Bluetooth 5 specification now officially adopted

William Gayde

TS Addict
Staff member

The world of Bluetooth is about to get a lot more interesting. This week the Bluetooth Special Interest Group (SIG) announced that the latest Bluetooth 5 standard has been adopted. The core specifications were detailed back in June, but this week marks the official update. Backed by numerous industry leaders including Apple, Ericsson, Intel, Lenovo, Microsoft, Nokia, and Toshiba, the SIG hopes to advance the Internet of Things (IoT) experience with the new features.

The update brings serious performance improvements including four times the range, two times the speed, and eight times the message capacity as compared to the older Bluetooth 4.2 standard. This translates into a much more user friendly and stable experience for connected devices.

Whole-home coverage is now a possibility just like a traditional Wi-Fi signal. The Bluetooth 5 specification is centered on IoT functionality with the goal being to create a more Wi-Fi like experience in terms of usability. This means devices that are easy to setup and play nice with each other from a signal perspective.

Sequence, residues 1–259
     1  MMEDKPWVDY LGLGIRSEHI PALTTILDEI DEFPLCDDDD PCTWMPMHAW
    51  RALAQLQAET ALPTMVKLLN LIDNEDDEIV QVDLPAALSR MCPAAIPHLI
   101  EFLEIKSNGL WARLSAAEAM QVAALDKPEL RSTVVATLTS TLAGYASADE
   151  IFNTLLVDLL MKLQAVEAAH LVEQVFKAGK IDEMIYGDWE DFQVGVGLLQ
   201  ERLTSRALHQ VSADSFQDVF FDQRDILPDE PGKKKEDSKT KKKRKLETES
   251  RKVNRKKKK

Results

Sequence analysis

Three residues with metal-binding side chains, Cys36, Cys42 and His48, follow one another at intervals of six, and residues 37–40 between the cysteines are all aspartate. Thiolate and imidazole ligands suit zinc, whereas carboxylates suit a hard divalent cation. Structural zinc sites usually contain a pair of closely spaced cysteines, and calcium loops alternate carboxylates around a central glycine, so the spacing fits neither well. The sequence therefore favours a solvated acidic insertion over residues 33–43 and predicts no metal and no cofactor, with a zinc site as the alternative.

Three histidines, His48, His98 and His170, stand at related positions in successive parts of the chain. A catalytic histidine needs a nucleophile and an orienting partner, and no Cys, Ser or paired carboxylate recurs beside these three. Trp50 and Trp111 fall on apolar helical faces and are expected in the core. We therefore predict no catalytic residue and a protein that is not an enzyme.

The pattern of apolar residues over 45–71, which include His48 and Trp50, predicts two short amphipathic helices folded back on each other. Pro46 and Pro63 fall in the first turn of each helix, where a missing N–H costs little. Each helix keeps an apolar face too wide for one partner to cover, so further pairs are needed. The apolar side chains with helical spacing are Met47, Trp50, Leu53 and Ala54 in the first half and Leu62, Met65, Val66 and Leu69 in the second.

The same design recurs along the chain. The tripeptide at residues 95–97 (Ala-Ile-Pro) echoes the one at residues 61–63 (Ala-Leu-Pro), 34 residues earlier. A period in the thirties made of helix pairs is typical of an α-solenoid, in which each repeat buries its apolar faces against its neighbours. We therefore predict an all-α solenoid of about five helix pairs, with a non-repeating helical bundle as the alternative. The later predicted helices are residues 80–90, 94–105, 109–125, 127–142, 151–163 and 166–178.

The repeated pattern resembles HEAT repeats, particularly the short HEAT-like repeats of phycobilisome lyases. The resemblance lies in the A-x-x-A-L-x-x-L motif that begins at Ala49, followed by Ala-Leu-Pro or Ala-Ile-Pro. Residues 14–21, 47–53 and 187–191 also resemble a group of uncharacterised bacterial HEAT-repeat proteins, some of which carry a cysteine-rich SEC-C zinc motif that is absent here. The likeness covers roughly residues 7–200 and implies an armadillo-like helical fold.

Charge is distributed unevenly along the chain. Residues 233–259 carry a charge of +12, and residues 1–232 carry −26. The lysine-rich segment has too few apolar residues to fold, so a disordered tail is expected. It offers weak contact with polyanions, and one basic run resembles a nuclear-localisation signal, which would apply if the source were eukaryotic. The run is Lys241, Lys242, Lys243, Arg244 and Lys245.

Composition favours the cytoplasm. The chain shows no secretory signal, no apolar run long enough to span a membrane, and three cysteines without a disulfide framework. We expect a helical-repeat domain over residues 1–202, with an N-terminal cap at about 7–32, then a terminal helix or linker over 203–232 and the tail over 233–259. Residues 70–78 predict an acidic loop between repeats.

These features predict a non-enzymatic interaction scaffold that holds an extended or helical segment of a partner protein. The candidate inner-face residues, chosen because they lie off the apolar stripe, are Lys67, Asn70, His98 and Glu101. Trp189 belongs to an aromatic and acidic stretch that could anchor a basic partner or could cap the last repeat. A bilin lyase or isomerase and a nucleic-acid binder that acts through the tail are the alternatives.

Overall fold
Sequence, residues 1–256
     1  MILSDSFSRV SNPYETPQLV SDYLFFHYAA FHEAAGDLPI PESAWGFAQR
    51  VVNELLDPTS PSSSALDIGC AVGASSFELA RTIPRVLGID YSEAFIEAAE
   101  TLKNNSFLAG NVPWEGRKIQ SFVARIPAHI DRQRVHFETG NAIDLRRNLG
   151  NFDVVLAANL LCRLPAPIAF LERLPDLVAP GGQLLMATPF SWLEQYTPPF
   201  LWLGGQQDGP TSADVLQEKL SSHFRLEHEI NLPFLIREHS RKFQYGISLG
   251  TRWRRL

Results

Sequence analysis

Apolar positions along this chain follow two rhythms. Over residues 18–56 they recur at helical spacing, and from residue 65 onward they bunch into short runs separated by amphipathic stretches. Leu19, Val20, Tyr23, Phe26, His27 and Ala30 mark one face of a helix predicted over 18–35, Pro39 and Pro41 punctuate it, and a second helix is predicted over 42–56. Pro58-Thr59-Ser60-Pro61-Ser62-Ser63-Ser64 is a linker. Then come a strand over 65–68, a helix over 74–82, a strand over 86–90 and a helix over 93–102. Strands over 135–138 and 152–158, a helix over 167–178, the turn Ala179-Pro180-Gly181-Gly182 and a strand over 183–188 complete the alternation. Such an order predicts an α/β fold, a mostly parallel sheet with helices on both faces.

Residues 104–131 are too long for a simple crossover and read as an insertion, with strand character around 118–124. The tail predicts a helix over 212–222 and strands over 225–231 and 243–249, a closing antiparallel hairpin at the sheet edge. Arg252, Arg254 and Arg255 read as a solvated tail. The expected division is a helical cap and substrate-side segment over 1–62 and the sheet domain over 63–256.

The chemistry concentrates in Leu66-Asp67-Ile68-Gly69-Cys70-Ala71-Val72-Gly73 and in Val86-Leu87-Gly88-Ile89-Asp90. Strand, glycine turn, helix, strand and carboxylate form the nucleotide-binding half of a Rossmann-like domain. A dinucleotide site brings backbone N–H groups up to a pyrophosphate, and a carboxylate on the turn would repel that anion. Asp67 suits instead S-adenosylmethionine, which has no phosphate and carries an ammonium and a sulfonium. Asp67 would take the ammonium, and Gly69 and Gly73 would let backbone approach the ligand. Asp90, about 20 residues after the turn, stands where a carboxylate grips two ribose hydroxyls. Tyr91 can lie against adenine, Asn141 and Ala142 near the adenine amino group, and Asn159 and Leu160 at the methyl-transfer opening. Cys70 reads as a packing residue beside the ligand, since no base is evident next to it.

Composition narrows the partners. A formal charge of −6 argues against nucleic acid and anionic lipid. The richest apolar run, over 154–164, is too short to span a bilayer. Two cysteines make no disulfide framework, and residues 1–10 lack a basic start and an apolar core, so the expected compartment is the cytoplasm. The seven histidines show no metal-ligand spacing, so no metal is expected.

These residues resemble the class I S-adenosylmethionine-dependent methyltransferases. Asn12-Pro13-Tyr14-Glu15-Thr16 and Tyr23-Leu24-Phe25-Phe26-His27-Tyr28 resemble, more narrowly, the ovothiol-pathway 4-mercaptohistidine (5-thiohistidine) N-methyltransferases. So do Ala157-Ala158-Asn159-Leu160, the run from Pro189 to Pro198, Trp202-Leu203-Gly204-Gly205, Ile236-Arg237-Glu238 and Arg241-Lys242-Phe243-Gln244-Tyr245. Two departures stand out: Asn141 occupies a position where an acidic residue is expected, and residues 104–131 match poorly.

ABI Research, a technology market intelligence company, estimates 48 billion internet-enabled devices by the year 2021, with around one third of them Bluetooth capable. This many devices amplifies the issue of interference and the need for coexistence between wireless technologies. Bluetooth 5 makes this a priority while still maintaining low-energy functionality. 

Bluetooth is found in everything from phones to wearables to headsets, and IoT is set to increase this further. Connected thermostats, fridges, and cars will now all be able to communicate over Bluetooth 5, something not possible over the lower power 4.2 standard. On the mobile device front, the new standard will allow improved data transfer between phones and smartwatches.

Customers can expect to see products equipped with Bluetooth 5 as soon as early 2017.

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Skidmarksdeluxe

TS Evangelist
I think my Garmin activity tracker is equipped with BT 0.x, it's nothing but a hassle and frustration to get it to communicate with my phone most of the time. Good thing it works perfectly with ANT+ otherwise it would've been toast by now.
 

ikesmasher

TS Evangelist
What if certain devices dont need extra range? will they benefit from signficantly less power consumption? like bluetooth headphones or something.
 

Squid Surprise

TS Evangelist
What if certain devices dont need extra range? will they benefit from signficantly less power consumption? like bluetooth headphones or something.
Well, the new standard also is faster and handles more bandwidth, so theoretically, they could deliver better audio quality, etc.... will depend on how it is implemented in each device though.